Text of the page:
Melior Discovery psychiatric
There are a number of animal models of depression that are used to identify pharmacological agents that have clinical potential as anti-depressant agents. One such animal model is the mouse tail-suspension model. Mice, suspended by the tail, will rapidly develop behavioral despair that is characterized by immobility. This immobility is thought to reflect a state of lowered 'mood' (i.e. depression) in which animals have given up hope of escaping. Tail-suspension immobility is attenuated by a variety of clinically active antidepressants. Antidepressants increase the amount of struggle and the latency until the first extended immobility. This assay is considered to be a good predictor for antidepressant activity and identifies nearly all antidepressant classes including tricyclics, SSRIs, 5-HT1A receptor agonists, and MAOIs.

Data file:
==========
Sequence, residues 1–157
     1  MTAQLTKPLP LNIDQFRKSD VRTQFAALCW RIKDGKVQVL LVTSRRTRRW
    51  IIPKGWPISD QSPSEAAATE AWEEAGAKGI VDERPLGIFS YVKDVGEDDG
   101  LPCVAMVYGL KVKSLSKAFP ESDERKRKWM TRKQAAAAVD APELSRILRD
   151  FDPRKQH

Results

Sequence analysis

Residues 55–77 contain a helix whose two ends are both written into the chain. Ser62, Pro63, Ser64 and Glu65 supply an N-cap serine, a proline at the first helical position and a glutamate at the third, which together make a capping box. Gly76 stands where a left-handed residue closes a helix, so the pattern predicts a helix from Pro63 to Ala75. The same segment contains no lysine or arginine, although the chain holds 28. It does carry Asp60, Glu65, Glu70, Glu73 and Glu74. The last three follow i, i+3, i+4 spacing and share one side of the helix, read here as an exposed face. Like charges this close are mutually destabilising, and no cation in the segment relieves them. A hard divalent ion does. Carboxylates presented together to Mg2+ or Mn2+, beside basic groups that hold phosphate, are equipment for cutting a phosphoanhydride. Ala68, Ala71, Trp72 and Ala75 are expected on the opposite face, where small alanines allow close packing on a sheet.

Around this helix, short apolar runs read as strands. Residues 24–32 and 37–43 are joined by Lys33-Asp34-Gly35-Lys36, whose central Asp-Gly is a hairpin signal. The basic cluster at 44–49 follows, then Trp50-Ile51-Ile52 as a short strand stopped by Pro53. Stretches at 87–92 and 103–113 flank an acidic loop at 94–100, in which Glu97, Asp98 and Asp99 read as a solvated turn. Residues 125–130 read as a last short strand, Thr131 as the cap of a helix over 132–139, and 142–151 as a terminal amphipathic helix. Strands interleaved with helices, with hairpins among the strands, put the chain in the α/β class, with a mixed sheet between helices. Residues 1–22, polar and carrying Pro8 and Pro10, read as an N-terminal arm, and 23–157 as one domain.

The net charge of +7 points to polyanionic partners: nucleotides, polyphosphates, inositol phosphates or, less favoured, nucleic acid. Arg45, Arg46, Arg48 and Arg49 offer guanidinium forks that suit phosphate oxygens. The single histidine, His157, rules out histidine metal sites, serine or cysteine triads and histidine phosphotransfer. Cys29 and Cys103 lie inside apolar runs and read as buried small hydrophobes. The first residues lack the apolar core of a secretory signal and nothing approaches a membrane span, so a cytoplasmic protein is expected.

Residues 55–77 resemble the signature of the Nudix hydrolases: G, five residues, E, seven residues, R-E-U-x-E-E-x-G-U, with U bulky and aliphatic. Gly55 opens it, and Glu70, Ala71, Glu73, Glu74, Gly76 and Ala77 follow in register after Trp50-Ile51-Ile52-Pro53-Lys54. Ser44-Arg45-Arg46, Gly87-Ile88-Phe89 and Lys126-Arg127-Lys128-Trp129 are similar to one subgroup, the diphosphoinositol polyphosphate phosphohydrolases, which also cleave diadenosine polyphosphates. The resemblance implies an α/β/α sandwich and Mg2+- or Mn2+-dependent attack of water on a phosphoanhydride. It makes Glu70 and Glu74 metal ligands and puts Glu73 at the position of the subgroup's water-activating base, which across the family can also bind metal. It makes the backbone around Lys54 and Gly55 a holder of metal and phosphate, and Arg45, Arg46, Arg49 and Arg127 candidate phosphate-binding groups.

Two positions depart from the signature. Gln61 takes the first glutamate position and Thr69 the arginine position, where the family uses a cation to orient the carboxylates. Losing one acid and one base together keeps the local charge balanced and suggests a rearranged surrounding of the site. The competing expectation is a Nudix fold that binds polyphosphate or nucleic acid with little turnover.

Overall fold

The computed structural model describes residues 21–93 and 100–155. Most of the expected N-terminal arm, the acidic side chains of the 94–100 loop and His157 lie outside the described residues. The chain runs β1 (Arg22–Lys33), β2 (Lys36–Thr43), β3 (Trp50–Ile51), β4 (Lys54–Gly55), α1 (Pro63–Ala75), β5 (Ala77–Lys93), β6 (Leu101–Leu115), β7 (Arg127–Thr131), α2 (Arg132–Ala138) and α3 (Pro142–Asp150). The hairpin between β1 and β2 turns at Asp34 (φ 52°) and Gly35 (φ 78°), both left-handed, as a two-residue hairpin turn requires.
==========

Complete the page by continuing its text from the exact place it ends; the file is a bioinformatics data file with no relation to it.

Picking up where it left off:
The data above illustrate the ability of imipramine, a tricyclic antidepressant, to significantly reduce the time spent immobile compared to vehicle-treated animals. Data are mean ± SEM; *p<0.05 compared to vehicle.
If you are interested in learning more about Tail Suspension, please contact firstname.lastname@example.org to start the conversation.